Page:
The academy takes a three-prong approach to education. The first is the class part. The second is physical fitness. As soon as he heard about the opportunity, he knew he needed to “get his butt in gear,” he said. It’s challenging! You run Hogan’s alley which is the Marines’ confidence course. If you achieve it you get a yellow brick for making it through. The third prong is the networking the sheriff mentioned.

He leaves July 7. He has a countdown on his phone and can tell you how many minutes until he leaves if you ask him. Training will need to continue while he is away, said Sheriff Stephen, so Cpl. Heath Hughes will be taking over as training officer. When Sgt. Hazellief returns, he will not return to his former position as training officer but will hold a new position. Cpl. Hughes will be shadowing Sgt. Hazellief until he leaves so there is no interruption to the training period.

As training officer, Cpl. Hughes is in charge of all training for new recruits, instructor training, continuing education, advance classes for what people do already and Guardian training. He won’t necessarily teach every class but will make sure they get everyone in the right place to get training taken care of.

Most of Sgt. Hazellief’s classes will be graduate level and will help him toward his master’s degree.

He will be taking a class on emotional intelligence which is about interpersonal skills — your ability to empathize. “Nobody calls us because they are having a good day,” he said. “You have to be able to have an awareness for safety and take control of the situation but also an ability to empathize while doing that at the same time. It’s a hard construct to juggle. It’s not just about what we do on the job but how we deal with it internally which leads back to the physical fitness.”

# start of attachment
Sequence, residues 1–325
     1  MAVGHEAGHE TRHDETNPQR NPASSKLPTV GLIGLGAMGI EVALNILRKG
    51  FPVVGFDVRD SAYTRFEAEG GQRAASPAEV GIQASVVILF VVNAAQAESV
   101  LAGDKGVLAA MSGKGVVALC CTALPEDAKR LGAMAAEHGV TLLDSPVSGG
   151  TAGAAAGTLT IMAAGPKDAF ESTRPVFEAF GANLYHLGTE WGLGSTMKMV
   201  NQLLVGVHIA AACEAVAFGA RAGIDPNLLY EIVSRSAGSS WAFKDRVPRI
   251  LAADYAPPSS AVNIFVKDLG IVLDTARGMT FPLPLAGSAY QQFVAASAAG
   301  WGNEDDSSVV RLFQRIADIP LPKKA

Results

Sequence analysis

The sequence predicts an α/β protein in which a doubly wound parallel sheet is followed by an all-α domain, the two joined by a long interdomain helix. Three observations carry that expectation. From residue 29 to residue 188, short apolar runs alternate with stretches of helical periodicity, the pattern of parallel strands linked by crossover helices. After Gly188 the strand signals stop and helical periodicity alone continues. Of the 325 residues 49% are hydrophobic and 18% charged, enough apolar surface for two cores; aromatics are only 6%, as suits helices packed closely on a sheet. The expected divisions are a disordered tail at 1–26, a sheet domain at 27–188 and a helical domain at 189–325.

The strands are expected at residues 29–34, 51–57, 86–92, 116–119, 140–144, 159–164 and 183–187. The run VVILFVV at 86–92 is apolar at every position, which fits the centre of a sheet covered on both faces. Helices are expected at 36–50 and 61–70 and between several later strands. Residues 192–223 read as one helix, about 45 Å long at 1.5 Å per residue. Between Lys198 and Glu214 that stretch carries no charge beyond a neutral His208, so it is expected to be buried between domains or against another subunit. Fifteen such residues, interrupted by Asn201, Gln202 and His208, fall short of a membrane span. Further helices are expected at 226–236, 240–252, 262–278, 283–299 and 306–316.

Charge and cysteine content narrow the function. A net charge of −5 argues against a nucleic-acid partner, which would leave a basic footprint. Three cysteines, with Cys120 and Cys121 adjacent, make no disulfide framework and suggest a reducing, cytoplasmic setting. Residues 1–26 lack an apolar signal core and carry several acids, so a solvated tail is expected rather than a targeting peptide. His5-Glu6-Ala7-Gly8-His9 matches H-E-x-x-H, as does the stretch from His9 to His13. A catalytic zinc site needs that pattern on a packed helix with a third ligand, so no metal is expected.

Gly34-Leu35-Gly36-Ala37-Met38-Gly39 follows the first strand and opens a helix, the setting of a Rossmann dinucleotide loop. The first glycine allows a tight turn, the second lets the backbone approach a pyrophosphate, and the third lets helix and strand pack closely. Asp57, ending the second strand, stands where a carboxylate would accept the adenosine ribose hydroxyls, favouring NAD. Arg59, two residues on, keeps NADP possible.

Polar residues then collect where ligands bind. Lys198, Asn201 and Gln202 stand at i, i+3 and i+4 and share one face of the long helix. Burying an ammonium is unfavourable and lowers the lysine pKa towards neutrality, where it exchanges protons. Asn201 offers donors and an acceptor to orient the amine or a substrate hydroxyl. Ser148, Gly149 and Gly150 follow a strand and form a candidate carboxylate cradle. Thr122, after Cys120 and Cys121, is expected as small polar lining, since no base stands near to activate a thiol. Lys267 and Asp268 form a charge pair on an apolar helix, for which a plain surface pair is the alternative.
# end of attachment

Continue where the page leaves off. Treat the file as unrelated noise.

He will also be taking a class called Essentials for Law Enforcement Executives that deals with leadership within the law enforcement organization and building relationships within the community.

He will be taking a class called Psychology of Communication, which is designed to acquaint leaders with their own communication styles and preferences as well as how these preferences influence interpersonal relationships in both societal and work related environment.

One of his classes will be fitness in law enforcement. He said there has been a big initiative in the last couple of years because of recognition that post-traumatic stress disorder in public safety workers as a whole has been higher. It’s been found that they have a higher suicide rate in their profession than they do death by people trying to kill them. They’ve learned that for good mental health you need good physical health. Physical exercise releases endorphins into the brain which is why physical fitness is such a huge factor.

His final two classes will deal with contemporary issues in law enforcement and with law enforcement image.

When she heard about the opportunity, his wife responded the way she always does. He got real lucky with his wife, he said. She is very patient and supportive of him. She said, “If that’s what you want to do then I am behind you.” She is very happy for him, and she will drive up and visit family in the Carolinas. He will meet her on a couple of weekends so they can visit. She’s not happy about 10 weeks, though. They have never been apart that long, but “she’s my rock,” he said. You can’t function in this profession without family support. You need a strong support base surrounding you, because it is very mentally, emotionally and physically challenging. You need a stable home life to balance what you go through on the job, he said.